You're Never Too Old to Get Fit
(ARA) - If you think you're too old to benefit from a
fitness regimen that includes weight training, think
Seven years ago, Beatrice Maullin read about the
Crown Valley Senior Olympics competition in her
hometown of Pasadena, Calif. She had been working
out at a local gym doing aerobics, machine weights
and free weights. Thinking that there was no sport
in which she could compete, she called to volunteer
for the Senior Olympics. But when she saw that one
of the events was powerlifting, an exercise in which
she had become interested, she decided to enter the
competition, despite having only two weeks to practice
the proper form.
In April 1995, Beatrice won her first powerlifting
gold medal. By the way, at the time she was 74.
Today, at 80, Beatrice has won 25 gold medals, holds
the powerlifting world record for her age group
(82.5 pounds), and is the oldest woman in the United
States to compete in the bench press. She has won
the "best overall" title in weight lifting for the
past six years and has been featured locally and
nationally in newspapers, magazines and television,
advocating weight training for women of all ages.
Beatrice was not a fitness enthusiast all her life.
"I took dance as a young girl, raised two boys, and
ran my own businesses, but it's not the same as
working out," she said. "I don't know why I waited
this long to finally do something just for myself.
There must have been some magic plan waiting for me
to take that first step. I can't believe all this
excitement and fuss started when I was in my 70s,"
she says. "I've never had so much fun."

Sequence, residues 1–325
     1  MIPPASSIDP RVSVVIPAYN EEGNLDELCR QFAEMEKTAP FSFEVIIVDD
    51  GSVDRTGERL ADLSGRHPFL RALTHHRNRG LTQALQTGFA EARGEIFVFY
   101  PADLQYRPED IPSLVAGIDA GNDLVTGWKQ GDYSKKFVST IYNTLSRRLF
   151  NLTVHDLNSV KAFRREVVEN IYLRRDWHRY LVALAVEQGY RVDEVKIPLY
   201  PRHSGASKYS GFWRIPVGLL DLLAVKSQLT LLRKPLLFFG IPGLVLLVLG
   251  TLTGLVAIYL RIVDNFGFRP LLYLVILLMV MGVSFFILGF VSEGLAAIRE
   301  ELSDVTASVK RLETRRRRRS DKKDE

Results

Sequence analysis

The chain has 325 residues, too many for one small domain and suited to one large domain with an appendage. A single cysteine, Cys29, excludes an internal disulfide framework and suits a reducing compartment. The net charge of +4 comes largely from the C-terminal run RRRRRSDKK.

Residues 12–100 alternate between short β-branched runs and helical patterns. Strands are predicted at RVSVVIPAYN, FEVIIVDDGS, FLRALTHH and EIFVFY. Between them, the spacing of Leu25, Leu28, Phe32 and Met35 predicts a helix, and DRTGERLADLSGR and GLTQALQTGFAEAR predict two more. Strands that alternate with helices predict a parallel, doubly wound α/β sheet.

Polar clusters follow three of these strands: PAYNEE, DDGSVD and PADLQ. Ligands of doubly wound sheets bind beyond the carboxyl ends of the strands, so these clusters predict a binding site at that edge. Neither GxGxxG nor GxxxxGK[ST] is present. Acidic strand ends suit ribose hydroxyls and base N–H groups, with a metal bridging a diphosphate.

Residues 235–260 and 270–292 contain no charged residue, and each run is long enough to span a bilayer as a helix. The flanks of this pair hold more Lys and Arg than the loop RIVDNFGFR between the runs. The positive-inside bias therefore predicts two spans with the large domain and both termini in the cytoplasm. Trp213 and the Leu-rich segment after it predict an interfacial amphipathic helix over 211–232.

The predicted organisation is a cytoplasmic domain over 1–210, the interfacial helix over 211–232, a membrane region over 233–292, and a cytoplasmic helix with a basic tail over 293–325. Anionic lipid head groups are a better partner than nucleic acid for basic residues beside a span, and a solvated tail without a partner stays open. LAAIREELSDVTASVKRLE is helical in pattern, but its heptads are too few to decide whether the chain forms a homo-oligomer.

Studies consistently show that weight training
for seniors is beneficial in many ways. Increased
strength can help improve balance, reduce blood
pressure, stabilize blood sugar levels and lower
cholesterol. A separate study also shows that
women who take up weight training increase their
metabolism for a longer period of time -- and
therefore burn more calories -- by training with
weights, as compared to jogging or other aerobic
And increasingly, fitness clubs are catering to
seniors, who often are their most committed
members and are by far the fastest growing
segment of the health club market. For example,
Gold's Gym offers discounts to seniors, including
25 to 50 percent off enrollment fees, and many
instructors take special training to accommodate
the needs of the older fitness club members, says
Derek Barton, vice president of Public Relations
and Communications for Gold's Gym International.
"Our mission at Gold's is to help all of our
members fulfill their human potential," Barton
says, "and that includes seniors. We want them
to go for it. We not only have a growing number
of seniors enrolling in our clubs, but also a
growing number of seniors doing great things,
Beatrice says that although the recognition and
gold medals are nice, those aren't what keep her
coming back to the weight room.
"I feel healthier, more exuberant, happier about
the time I spend in the gym," she says. "I love
meeting people of all ages at the gym, because
they understand the dedication it takes to stay
in good health. Of course, going to the gym to
work out, you must allow extra time to exercise
your jaw muscles, too!"
Beatrice has no plans to retire any time soon.
In fact, she tries to get out and speak to women's
groups as much as possible to spread the word
about the benefits of weight training, even
though she realizes it may create some competition
in her age bracket.
"These new baby boomers are in for a big surprise
when it comes to getting older if they have not
been keeping fit by exercising," she says.
If they have not, the fit seniors will beat
them mile for mile."
Courtesy of ARA Content, www.ARAcontent.com,